Peninsula Gallery to present Going Big show by Laura Hickman and Steve Rogers

Exhibition will present paintings in large format
"Early Morning, Bethany Beach," pastel by Laura Hickman.
May 29, 2014

Beginning with a 5:30 to 7:30 p.m., Saturday, June 7 reception for the artists, Peninsula Gallery will present an exhibition featuring two of the area’s best-known artists, Laura Hickman and Steve Rogers. The exhibition will present paintings by each artist in large format with framed sizes varying from 30-by-66-inches to 43-by-51-inches and larger.

Hickman, a founding artist of Gallery One in Ocean View and well known for her large pastel works, attended Hood College in Frederick, Md., and the University of Delaware, where she obtained an MFA. In addition, she spent a year abroad in Rome studying and painting.  She has become one of the best-known pastel artists in the region.

In 2013, Coastal Style Magazine featured her as one of the best artists in Sussex County, and this year she is the Featured Artist at the 25th Anniversary Best of the Beach Art Auction benefiting the Beebe Medical Foundation. In many of her paintings she presents the essence of a local beach cottage, often including the backyard details of summer life, the barbecue grills and beach chairs that together perfectly characterize the environment she seeks to present.

In “Early Morning, Bethany Beach," for example, the sun is rising behind the viewer, throwing light on the tops of the trees and shadows on the buildings farther to the right. The back yards facing the sandy alley hold the trash and recycling bins emptied that morning that are now mostly upended. They are a series of colorful blue and yellow grace notes all the way down the block.

Hickman is the recipient of several recognitions and awards for her work including multiple-year awards for Best in Show at the Rehoboth Art League’s Annual Members Show. Her works can be found in several local and national permanent collections including the Naval Observatory Vice Presidential Home in Washington D.C.

Rogers has had a lifelong affection for the history of the Mid Atlantic fishing fleet and its contribution to the area's heritage. Early in his artistic career he built life-like models of work boats, and he is a nationally recognized ship model builder. Along the way he wrote five books on the subject, and he continues to periodically teach at the Wooden Boat School in Maine.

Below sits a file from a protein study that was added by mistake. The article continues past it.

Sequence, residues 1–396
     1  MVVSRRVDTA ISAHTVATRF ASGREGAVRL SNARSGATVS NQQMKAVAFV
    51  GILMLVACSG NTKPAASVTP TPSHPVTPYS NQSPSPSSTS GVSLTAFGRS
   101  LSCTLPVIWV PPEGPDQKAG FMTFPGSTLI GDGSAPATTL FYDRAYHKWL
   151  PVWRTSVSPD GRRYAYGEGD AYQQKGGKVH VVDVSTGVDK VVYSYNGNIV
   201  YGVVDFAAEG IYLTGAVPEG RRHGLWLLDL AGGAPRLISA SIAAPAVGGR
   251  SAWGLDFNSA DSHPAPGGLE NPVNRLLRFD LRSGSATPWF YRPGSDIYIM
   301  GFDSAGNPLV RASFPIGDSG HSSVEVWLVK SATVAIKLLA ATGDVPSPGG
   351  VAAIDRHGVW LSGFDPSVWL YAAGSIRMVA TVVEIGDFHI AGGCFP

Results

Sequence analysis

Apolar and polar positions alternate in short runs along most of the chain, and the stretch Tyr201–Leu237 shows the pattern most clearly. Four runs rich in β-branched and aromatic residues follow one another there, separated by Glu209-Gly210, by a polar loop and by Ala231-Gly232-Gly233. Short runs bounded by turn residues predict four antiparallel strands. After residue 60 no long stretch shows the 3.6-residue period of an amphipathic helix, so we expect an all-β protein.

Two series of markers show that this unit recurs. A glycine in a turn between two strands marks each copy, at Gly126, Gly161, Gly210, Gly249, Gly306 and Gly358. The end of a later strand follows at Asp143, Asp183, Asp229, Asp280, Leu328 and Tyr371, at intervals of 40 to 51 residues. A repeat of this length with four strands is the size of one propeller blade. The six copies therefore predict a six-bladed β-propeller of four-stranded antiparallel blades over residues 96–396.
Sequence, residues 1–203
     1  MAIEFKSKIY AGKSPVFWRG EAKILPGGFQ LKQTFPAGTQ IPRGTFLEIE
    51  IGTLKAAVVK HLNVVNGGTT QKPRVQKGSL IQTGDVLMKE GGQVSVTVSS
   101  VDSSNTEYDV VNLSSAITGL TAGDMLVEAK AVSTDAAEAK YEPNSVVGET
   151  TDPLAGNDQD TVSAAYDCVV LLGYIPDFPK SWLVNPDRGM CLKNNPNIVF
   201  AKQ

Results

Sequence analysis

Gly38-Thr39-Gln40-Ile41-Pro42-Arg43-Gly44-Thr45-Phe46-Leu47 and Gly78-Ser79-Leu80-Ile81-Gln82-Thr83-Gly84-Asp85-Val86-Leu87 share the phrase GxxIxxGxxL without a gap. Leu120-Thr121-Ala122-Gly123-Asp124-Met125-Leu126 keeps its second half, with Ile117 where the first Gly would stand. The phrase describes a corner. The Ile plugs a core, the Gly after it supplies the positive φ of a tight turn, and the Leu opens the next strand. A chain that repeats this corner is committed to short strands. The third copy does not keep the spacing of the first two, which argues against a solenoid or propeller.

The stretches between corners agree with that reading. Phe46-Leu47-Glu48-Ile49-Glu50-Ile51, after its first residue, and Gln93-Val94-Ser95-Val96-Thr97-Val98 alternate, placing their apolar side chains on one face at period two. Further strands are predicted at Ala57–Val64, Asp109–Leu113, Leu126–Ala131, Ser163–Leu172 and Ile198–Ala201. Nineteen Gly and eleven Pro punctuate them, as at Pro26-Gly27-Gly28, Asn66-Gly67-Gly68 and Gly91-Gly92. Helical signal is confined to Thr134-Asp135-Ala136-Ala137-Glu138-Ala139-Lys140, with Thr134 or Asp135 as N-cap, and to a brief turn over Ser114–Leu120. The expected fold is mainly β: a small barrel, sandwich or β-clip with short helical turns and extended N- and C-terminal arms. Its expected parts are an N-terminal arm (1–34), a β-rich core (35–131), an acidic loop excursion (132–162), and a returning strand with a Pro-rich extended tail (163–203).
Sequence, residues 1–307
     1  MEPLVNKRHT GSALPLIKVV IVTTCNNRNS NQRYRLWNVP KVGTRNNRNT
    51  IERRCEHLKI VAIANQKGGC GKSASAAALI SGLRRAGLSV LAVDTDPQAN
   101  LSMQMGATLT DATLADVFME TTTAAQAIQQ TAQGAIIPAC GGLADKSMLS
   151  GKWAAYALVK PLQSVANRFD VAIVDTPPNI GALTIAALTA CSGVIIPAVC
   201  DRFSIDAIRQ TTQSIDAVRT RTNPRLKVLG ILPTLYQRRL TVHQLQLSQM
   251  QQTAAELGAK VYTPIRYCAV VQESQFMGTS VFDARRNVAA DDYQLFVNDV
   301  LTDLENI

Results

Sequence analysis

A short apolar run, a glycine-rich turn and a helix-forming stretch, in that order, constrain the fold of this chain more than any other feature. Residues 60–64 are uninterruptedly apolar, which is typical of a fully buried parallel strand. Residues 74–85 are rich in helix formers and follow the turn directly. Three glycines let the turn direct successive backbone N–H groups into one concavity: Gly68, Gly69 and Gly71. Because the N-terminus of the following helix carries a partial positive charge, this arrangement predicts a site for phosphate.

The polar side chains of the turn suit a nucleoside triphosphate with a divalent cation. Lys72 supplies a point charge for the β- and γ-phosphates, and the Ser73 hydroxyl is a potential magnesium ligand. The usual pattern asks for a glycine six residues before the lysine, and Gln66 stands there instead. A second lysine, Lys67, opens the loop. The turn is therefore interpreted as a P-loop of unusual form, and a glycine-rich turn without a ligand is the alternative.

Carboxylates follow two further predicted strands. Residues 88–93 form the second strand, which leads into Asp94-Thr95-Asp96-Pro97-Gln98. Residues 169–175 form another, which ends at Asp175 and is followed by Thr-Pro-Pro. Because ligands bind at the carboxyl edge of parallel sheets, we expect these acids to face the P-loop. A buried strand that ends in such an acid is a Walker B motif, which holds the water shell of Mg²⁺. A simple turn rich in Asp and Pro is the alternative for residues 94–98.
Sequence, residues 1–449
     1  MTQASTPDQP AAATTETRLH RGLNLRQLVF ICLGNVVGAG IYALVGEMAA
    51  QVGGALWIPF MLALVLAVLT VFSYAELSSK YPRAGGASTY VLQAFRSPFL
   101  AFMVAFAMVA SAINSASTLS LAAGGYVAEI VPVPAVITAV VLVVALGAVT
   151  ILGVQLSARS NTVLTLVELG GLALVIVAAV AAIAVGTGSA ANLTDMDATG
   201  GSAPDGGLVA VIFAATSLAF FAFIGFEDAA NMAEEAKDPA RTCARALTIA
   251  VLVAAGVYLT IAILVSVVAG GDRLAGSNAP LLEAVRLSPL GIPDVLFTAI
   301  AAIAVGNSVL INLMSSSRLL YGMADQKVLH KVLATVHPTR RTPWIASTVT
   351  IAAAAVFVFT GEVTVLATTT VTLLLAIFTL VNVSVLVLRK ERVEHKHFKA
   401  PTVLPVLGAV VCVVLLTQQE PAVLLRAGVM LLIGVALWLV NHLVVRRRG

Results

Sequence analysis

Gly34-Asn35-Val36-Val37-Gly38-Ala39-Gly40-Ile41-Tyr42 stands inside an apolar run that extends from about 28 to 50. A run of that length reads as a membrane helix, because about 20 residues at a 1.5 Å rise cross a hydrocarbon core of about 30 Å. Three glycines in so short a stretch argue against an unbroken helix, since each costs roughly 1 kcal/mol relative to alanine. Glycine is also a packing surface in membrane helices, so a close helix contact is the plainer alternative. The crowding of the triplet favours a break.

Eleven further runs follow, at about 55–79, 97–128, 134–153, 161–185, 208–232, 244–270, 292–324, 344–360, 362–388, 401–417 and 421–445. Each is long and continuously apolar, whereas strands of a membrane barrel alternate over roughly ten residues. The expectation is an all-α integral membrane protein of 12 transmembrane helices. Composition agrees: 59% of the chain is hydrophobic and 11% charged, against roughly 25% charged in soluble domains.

In 2000 he was awarded a certificate of commendation at the yearly 2000 Model Builders Competition at the Mariners Museum in Newport News, Va. As he began to paint, he quickly became a signature member of the American Society of Marine Artists, and more recently he received an Established Artist Fellowship from the Delaware Division of the Arts.

His early work with model building now enhances and strengthens his painting. Understanding marine construction methods, thinking in three dimensions, and working from blueprints and photographs allows Rogers to visualize in great detail the boats that become the subjects of his paintings. Much of his work could be interpreted as capturing the past before it disappears. However, these images are neither sentimental nor cartoonish.

Rogers' artistry, which is considerable, is in the realism and structural detail of the forms he presents: the sprung plank of a dilapidated work boat or the water and mud of a marsh estuary at low tide reflecting the falling light of the day. Realism can sometimes get a bad rap in the modern world of painting, but actually it is the concentration of detail in Rogers' paintings that brings to life the image he wishes to portray, and the painting would be the lesser without it.

In the end, common to both artists in this show is the thought that these paintings present images that are well known to the viewer: the beach cottage down the sandy street, the cold beach and bay in November or the lighthouse at Harbor of Refuge.

The exhibition will extend through June 30. The Peninsula Gallery at 520 E. Savannah Road is currently in its 18th year and presents the work of more than 20 local, regional and international artists. The gallery also provides conservation framing and restoration services. Hours of operation are 10 a.m. to 5 p.m., Tuesday through Saturday and 11 a.m. to 3 p.m., Sunday. The gallery is closed on Monday. Phone 302-645-0551. Visit